Covid-19 : What is the standard of care treatment? Does it include hydroxychloroquine?

Covid-19 : What is the standard of care treatment? Does it include hydroxychloroquine?

Publié le 01/08/2020 à 13:26 - Mise à jour à 13:27
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Auteur(s): Le Collectif Citoyen pour FranceSoir

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Everyday new scientific research brings further information and a path to a possible standard of care treatment for Covid-19.  This in general fails to make it to mainstream media.  This is the status of the treatment for Covid-19 to date.

"It starts with a viral lung infection, it ends with a generalized infection"

A closer look reveals that:

  • Deeper understanding of the disease, which is multi-factors, multi-stages and multi-organs, drags us away from the simplistic initial option of testing one product against another.
  • The sooner we treat, the more likely we are to avoid a rapid spread of the virus on all organs in the light of the complexity and "damage" that evolves over time into "exponential  danger"; including the severe consequences on asymptomatic cases.
  • The role of the active treating doctor/physician on a day-to-day basis is key as the treatment is probably multi-product and requires adaptation according to the patient and the clinical condition of the day.

(Editor's note: this article is updated in real time with the additions of various scientific studies that provide important clarifications, the last one dated August 1, 2020 is that of Julien Andrani et al. including Professor Raoult)

 

Intervene before the virus has penetrated the cell and/or is activated

The first analysis relates to the most interesting phase of the disease, namely before the virus entered the cell and/or was activated. It is known that the virus enters through the cell via the ACE2 protein receptor and that antivirals, such as hydroxychloroquine, can be effective "virus hook blockers"

A recent study shows a second step,namely the activation of the virus by cleavage of the S protein spike of the virus in S1 and S2. This cleavage is activated by one of the proteases in the organ attacked by the virus.  And this protease is different depending on the attacked organ (lungs, kidneys, heart).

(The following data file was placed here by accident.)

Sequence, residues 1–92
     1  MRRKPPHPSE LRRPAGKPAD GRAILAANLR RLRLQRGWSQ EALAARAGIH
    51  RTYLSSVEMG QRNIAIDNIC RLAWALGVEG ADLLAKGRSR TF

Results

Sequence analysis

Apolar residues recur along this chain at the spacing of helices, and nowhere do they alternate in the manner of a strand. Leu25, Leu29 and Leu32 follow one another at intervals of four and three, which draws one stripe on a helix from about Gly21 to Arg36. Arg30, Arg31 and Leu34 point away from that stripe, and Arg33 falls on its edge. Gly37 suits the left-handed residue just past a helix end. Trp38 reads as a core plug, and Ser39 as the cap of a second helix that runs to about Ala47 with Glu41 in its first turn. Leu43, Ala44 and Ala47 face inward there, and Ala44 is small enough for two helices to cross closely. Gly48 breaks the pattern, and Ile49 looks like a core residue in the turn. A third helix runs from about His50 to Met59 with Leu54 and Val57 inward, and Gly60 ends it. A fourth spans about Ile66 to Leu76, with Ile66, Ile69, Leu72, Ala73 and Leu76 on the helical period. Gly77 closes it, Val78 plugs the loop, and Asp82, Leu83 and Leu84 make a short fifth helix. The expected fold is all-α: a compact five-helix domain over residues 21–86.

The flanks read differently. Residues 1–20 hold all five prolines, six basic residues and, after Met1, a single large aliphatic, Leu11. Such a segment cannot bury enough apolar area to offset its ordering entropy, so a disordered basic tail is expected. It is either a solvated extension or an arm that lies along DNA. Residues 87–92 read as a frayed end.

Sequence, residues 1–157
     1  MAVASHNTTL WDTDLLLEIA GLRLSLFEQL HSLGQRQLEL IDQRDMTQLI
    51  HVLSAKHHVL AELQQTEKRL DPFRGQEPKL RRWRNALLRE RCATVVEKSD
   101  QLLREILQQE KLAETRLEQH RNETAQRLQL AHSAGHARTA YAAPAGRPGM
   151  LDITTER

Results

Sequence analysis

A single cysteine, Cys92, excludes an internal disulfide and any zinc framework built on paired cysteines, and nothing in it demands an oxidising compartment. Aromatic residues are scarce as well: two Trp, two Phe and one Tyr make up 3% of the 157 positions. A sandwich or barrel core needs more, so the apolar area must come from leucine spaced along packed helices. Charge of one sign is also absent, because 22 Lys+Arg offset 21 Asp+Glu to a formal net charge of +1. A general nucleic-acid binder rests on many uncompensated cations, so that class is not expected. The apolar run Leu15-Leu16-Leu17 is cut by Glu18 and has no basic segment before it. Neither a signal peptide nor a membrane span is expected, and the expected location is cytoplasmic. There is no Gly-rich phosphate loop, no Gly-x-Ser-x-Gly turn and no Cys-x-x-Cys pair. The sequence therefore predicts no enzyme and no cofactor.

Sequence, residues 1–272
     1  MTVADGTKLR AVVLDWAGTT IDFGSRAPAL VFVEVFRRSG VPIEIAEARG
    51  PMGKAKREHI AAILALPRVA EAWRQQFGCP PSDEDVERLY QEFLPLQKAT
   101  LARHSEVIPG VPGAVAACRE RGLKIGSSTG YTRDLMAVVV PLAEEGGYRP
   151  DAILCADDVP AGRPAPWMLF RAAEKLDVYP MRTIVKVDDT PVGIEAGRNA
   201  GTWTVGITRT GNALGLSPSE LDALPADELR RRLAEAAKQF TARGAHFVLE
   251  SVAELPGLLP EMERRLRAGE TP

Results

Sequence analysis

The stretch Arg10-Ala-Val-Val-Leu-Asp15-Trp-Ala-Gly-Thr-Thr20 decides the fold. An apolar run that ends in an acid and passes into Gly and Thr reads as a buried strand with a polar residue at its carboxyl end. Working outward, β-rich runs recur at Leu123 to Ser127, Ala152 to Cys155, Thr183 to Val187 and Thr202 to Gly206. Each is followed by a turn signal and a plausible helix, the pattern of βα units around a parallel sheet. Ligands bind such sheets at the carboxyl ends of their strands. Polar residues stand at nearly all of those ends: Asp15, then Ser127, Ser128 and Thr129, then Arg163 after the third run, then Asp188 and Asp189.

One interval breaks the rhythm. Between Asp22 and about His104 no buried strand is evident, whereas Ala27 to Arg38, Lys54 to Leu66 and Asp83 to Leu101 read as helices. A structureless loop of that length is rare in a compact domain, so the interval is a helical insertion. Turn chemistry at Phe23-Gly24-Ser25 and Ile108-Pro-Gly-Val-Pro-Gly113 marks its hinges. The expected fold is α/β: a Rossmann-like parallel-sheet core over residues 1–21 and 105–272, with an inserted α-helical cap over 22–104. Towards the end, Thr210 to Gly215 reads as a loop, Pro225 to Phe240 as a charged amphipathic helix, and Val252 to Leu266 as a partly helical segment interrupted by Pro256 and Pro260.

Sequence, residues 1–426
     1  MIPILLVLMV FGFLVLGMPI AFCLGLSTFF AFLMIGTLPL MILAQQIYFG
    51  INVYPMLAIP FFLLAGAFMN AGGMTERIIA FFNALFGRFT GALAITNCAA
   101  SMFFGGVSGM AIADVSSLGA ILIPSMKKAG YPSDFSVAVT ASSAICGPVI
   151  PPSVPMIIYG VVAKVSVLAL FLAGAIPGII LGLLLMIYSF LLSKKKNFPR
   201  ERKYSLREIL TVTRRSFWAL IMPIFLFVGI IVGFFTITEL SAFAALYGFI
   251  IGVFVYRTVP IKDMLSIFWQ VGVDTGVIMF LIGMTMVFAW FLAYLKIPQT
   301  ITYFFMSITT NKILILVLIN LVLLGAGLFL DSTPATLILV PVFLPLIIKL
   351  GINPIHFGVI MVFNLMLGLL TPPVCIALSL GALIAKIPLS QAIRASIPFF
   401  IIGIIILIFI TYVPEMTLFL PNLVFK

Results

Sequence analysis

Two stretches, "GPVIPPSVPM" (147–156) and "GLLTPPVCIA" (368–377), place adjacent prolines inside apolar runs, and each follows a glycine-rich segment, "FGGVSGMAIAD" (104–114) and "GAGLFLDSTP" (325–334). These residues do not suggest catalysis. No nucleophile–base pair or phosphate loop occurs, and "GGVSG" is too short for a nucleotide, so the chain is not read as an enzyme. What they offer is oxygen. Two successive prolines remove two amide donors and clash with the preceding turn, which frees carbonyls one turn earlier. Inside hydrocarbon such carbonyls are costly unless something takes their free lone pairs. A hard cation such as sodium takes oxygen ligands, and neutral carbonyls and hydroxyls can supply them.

In the event of an attack by the virus on the kidneys, hydroxychloroquine (HCQ) is found to be active, in addition to its antiviral action, against the S protein activation protease.

However, one of the latest studies shows that for lung cells, the virus uses TMPRSS2 protease for cleavage activation.  And it appears that "TMPRSS2 plays against hydroxychloroquine» which not only does not act against the activation role but also that TMPRSS2 decreases the antiviral activity of HCQ on the ACE2 cell (Source 6).

This decrease in HCQ efficacy may explain the results of conflicting studies and the discrepancy with initial in vitro tests of hydroxychloroquine and others that have often been done on macaque kidney cells on which the virus does not use TMPRSS2 but another protease present.

As mentioned below, it is possible to observe that for the area of use of hydroxychloroquine (1uM to 12uM) , for lung cells, the effectiveness of HCQ is greatly reduced for people with a high level of TMPRSS2 and moderately reduced for people with a reduced level of TMPRSS2.

The study reveals that "not everyone» has the same TMPRSS2 level." It appears that people with certain comorbidities (and elderly) have a higher rate.

The best prophylaxis is to quickly decrease the NASAL viral load (by HCQ + TMPRSS2 inhibitor) as demonstrated by a new referenced study (Source 7). A very early decrease in nasal viral load decreases the transmission rate; this action protects the infected patient and the uncontaminated population (Source 9).

 

COVID-19 is "very SELECTIVE but very FAST" on the most people with a fragile immunity.

Thus the study shows that the inhibition of TMPRSS2 not only acts against the cleavage of the Spike cell but also allows hydroxychloroquine to regain its complete antiviral efficacy against the penetration of the virus in ACE2.

And several "TMPRSS2 inhibitors" exist, many of which are well-know "old molecules» such as bromhexine chloride, a mucolytic cough suppressant.

Combining hydroxychloroquine with a TMPRSS2 inhibitor potentially achieves maximum multi-organ efficacy (lungs, kidneys, heart) against the entry and activation of the virus into cells.

Hydroxychloroquine and TMPRSS2 inhibitor are then complementary. This is also shown by a recent randomized study (Source 8):  significant reduction in intensive care admissions (2 out of 39 vs. 11 out of 39, p -0.006) and significant reduction in deaths (0 vs. 5, p - 0.027).